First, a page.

New World

ERICKSON, ROBERT - Duo, Fives, Quintet, Trio


"Born in Michigan but for most of his life a true Californian, Robert Erickson (1917-1997) had a reputation as a maverick. His musical path was never a straight line, nor, really, a line at all but a landscape, with ranges of features rather than mere points of interest. He was a profound and original musical thinker who embraced the expressive possibilities of all music, from the Western classics and moderns of his own early education to Indian and Balinese traditions and all manner of contemporary experimentation, as long as it served a musical purpose. When encountering his work, one doesn't need to know more than one hears: what's important are the sounds one encounters and the expressive journey they suggest for each listener. His works can be looked at in three periods. There was an early period where he worked out his relationship to mid-twentieth century expressionism and atonality, producing such enduring and engaging works as the Duo for Violin and Piano (1957) (included here), the Chamber Concerto (1960) and the Concerto for Piano and Seven Instruments (1963). A middle period followed where he became involved with technology and all sorts of experimental techniques. The tape-and-instrument pieces Pacific Sirens and Nine and a Half for Henry (and Wilbur and Orville) and the music-theater trombone extravaganza General Speech can be said to typify this period. The final period begins in the mid-70s, when technology is put aside (most likely because of his declining health) in favor of instrumental works for his friends and associates. These works reach their culmination in the works on this CD: Fives (1988), Trio (1986) and Quintet(1985), among others. In all three periods, what he never abandoned was a sense of taste, elegance and style -- and a curiosity about sound and its functioning." - New World.


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After nearly a decade of false starts, multiple game plans veering off the rails, and a handful of shattered hopes and/or dreams, the odyssey is finally complete—the new Fusetron site is here.

This is the first phase of a multipart rollout that will span the next few months: the currently browsable stock includes miscellaneous new releases from the past 8+ months (we have a lot of catching up to do), plus approximately a third of our backstock. Note that we’ve reduced/slashed prices on many titles and will continue to do so in order to make room for new stock. We’ll also be expanding / tweaking / improving / debugging the site itself (for example, we still have work to do on the automated international postage system, not to mention the inevitable inventory discrepancies that come with transferring an ancient and massive database to a new system).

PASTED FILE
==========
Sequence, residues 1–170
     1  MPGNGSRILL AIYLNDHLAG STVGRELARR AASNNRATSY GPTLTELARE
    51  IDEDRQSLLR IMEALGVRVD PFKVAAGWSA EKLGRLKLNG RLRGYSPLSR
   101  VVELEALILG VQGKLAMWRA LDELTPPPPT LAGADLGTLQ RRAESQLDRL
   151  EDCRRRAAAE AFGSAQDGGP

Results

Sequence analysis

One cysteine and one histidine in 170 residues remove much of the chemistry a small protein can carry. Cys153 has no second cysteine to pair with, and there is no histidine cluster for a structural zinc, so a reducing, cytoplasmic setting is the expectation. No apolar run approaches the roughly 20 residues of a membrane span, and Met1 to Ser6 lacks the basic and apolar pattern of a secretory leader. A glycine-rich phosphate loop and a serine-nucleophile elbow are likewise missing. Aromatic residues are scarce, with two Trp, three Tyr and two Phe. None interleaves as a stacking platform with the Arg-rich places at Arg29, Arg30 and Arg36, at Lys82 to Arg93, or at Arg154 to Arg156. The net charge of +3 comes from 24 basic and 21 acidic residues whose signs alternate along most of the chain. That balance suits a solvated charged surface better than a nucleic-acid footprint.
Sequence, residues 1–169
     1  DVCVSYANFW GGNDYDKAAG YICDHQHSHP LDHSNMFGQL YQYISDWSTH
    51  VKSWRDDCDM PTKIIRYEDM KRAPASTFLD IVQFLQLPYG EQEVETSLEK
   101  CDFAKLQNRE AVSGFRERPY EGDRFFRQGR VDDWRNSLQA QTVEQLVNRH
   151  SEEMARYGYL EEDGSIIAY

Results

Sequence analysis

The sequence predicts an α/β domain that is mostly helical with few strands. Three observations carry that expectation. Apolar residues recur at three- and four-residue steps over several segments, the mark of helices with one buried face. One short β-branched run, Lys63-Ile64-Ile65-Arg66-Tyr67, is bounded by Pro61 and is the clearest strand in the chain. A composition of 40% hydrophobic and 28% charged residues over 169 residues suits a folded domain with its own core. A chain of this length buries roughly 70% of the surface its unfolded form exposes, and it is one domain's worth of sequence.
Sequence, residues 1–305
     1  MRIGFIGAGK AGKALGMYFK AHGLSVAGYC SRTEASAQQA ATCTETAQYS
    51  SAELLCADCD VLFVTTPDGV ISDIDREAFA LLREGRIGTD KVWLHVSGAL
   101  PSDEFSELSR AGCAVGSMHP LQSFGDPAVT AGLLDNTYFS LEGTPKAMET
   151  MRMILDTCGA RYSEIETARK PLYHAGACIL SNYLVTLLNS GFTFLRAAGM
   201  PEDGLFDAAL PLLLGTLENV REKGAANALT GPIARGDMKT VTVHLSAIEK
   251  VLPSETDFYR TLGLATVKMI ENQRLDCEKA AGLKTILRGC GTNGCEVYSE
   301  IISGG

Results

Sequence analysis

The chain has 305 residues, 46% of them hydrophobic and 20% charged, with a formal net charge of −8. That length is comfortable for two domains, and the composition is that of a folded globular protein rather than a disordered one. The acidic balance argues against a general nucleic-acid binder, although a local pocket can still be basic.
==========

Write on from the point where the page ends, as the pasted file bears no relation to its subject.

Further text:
Over the next few months, as we take inventory, clean house, and delve into our storage, we will be uploading thousands of additional items, gradually, on a near-daily basis. This will include the majority of the LPs, as well as many titles, in all formats, once thought long-gone. Many currently “sold out” items are likely to resurface.

Finally, once our general backstock is up (probably in the next two or three months) we’ll begin making our extensive stockpile of rarities available online for the first time: tons of random out-of-print titles, "deadstock," warehouse finds, secondhand collectibles, etc., accumulated over the past few decades.

Frequent/returning customers will be getting early access to these items. Details to follow on how this will work (a priority mailing list? a 'frequent flyer'-like program?), but it will not be based on dollars spent. We want to reward those who consistently support us, especially in the discogs marketplace era (to those who show up trying to poach five copies of a one-off rarity, and nothing else, ever… ¯\_(ツ)_/¯ ).

So—we suggest you take some time to dig through the site—even we’ve been surprised by what’s been turning up, and there’s much more to come.
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